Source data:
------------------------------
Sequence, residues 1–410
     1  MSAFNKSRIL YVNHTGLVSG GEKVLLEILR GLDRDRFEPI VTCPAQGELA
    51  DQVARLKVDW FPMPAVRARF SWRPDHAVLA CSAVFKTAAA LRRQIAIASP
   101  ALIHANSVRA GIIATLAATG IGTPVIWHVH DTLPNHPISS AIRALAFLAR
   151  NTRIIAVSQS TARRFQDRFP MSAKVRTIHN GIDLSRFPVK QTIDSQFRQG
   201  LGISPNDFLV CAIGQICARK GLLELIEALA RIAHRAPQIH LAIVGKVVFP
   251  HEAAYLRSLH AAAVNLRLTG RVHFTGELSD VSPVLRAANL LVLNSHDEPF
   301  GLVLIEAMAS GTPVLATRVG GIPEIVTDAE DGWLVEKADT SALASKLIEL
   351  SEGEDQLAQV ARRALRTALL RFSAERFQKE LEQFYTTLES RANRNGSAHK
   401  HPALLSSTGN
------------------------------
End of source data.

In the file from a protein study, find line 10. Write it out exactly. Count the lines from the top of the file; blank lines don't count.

   401  HPALLSSTGN